Is this a great country or what?


03 — Colin Powell out of the closet.     Powell breaks silence on rifts with Rumsfeld says a headline here in front of me.

Does saying out loud the kinds of things that for the past three years you have been leaking to Washington correspondents really count as "breaking silence"? That's one of those metaphysical conundrums you need a philosophy grad to sort out for you, like the thing about a tree falling in the forest.

Let's just be glad this empty suit is no longer Secretary of State.


04 — The Uganda monologues.     A planned production of the feminist play The Vagina Monologues in Kampala, the capital of Uganda, had to be canceled after the Ugandan Media Council, which licenses public performances in that country, issued a ban.

Declared the Council's published ruling quote: "The play promotes illegal, unnatural sexual acts, homosexuality and prostitution. It should be and is hereby banned." End quote.

Information Minister in Nsaba Buturo chimed in with the observation that the play, if performed, would corrupt public morals — a phrase not heard for many a long year here in the sophisticated West.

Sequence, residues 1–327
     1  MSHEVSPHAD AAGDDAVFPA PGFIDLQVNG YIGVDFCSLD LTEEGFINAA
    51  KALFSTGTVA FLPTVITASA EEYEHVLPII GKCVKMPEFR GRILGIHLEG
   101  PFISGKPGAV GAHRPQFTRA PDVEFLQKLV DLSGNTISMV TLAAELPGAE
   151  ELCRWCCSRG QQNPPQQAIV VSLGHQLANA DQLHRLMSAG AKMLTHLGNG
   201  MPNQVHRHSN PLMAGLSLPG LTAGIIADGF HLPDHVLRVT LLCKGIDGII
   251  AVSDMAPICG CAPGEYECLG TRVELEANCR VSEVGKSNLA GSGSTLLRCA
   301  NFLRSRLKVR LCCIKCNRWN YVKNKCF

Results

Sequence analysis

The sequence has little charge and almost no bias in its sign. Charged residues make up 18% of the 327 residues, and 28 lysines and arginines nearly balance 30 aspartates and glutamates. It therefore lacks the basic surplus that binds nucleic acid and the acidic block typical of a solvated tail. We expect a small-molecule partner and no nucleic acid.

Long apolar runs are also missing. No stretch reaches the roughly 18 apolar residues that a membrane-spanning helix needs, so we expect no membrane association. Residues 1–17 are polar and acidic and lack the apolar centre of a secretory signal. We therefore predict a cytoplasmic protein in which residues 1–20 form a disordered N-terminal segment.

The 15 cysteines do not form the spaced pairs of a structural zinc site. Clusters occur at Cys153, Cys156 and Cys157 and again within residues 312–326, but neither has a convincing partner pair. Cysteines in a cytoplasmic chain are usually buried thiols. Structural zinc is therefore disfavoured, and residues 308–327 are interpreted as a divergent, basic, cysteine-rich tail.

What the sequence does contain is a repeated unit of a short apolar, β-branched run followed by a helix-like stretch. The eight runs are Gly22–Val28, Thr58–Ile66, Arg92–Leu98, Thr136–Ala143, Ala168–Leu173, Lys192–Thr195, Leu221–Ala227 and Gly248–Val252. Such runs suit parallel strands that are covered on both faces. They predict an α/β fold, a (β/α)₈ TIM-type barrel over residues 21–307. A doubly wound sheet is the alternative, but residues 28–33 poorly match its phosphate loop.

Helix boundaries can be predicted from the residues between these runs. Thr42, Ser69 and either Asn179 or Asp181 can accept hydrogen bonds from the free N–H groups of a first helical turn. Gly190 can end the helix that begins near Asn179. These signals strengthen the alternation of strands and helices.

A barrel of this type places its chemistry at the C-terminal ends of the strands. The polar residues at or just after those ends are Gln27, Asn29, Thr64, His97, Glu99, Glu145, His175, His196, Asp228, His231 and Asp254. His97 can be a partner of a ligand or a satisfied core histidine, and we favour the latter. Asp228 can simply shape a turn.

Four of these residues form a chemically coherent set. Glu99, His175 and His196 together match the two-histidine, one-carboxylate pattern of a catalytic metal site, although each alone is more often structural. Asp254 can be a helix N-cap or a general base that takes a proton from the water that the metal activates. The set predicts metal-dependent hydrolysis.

The Media Council did allow, though not perhaps in the most felicitous possible choice of words, that the production could go ahead if the organizers were to, quote, "expunge all the offending parts."

Ms Ensler, however, was unwilling to have any of her parts tampered with. She protested to that her play is in fact all about women's empowerment. Ugandan writer Catherine Kanabahita wondered if this was really so. Said she: "Are there penis monologues? No. Isn't this just another case of exploiting women's sexuality?"

Good Heavens, Mrs Kanabahita! Why would anyone think such a thing?


05 — Bush does Europe.     President George W. Bush went off to Europe and we got lots of photographs of him schmoozing happily with European leaders — you know, those people who tell us how wicked it is to use force in international relations … Er, unless you are Communist China, stacking up the missile batteries on the shores of the Taiwan Strait, in which goes to the Europeans will be glad to supply you with all the hardware you need.